Sanford winner Bitumen has long game potential

Jul 23, 2016 Vance Hanson/

New York's first graded stakes of the season for juvenile males, Saturday's $150,000 Sanford (G3) at Saratoga, fell to Bitumen, who fans at Churchill Downs have reason to remember as a good-looking, 6 3/4-length debut winner June 30.

Rather than show early foot in the Sanford as he did under the Twin Spires, Bitumen instead found himself more than six lengths off an early pace battle than ensnared three of his five rivals. That worked out to his advantage in the stretch as he easily drove by that trio to win the six-furlong test in 1:10.68 under Javier Castellano.

In addition to the versatility he's shown in his brief career, there is much to like about Bitumen's pedigree as it pertains to getting a distance of ground. He's by 2003 Horse of the Year Mineshaft, a multiple winner at 1 1/4 miles, and out of a half-sister to Quality Road, who was a slight cut below at the classic distance himself but was a three-time Grade 1 winner over nine furlongs.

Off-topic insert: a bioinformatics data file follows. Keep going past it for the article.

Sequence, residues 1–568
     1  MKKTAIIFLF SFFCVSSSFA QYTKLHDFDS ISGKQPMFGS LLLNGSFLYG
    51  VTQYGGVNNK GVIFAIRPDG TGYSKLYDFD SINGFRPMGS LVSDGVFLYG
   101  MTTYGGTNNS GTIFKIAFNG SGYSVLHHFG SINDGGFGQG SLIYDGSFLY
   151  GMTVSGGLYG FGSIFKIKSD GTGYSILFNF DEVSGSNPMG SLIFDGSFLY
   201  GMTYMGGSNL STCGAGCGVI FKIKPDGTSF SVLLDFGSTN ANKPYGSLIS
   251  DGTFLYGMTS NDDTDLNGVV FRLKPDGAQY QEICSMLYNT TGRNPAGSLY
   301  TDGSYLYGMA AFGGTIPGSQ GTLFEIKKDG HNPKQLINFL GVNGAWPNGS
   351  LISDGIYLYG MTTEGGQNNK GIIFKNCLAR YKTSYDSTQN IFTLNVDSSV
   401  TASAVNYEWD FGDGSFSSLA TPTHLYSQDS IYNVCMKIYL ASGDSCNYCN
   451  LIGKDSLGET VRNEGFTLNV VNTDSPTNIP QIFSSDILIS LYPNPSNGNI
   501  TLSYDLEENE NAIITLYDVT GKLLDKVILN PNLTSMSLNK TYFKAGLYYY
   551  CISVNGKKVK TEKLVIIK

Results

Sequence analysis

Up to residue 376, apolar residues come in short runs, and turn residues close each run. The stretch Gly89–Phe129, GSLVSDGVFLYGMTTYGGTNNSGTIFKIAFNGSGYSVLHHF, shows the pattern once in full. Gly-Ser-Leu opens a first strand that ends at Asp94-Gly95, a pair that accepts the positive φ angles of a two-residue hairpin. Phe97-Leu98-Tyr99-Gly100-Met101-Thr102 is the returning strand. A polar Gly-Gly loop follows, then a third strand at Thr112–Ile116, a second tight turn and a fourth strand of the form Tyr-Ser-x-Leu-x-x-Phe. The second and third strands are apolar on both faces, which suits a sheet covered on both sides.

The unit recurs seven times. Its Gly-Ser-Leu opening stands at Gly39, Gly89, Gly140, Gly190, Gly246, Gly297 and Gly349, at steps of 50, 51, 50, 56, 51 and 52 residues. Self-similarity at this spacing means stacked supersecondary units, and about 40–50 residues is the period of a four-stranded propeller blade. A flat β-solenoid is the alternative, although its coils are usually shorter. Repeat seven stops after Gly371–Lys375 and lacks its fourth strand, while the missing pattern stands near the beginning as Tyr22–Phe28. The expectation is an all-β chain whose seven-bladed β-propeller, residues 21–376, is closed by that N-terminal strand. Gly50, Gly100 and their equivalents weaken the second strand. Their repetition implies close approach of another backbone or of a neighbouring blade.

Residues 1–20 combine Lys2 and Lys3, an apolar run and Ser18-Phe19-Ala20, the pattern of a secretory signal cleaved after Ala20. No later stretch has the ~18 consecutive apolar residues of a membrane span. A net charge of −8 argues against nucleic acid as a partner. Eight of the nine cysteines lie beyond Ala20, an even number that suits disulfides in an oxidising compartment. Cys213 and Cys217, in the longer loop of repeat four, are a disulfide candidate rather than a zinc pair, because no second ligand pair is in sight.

This female family is also responsible for Ajina, the 1997 champion three-year-old filly who won a Breeders' Cup Distaff (G1), Coaching Club American Oaks (G1), and Mother Goose (G1), and placed in the 1 1/4-mile Alabama (G1).

The Sanford, which dates to 1913, has a rich history. It was the only race the legendary Man o' War ever lost, and has been won by Triple Crown winners Secretariat (1972) and Affirmed (1977). They and the filly Regret (1914) are the only Sanford winners ever to go on and win the Kentucky Derby (G1).

More recently, Sanford winners Forty Niner (1987) and Afleet Alex (2004) went on to place in the Derby, with the latter rebounding to score in the Preakness (G1) and Belmont (G1). In general, however, the Sanford has been a stronger stepping stone of late to stud success (e.g. City Zip [2000] and Scat Daddy [2006]) than the following spring's classics.

It's very early in the game, but Bitumen seemingly has more tools to succeed going longer than the typical Sanford winner of recent years.

(Chelsea Durand/Adam Coglianese Photography)

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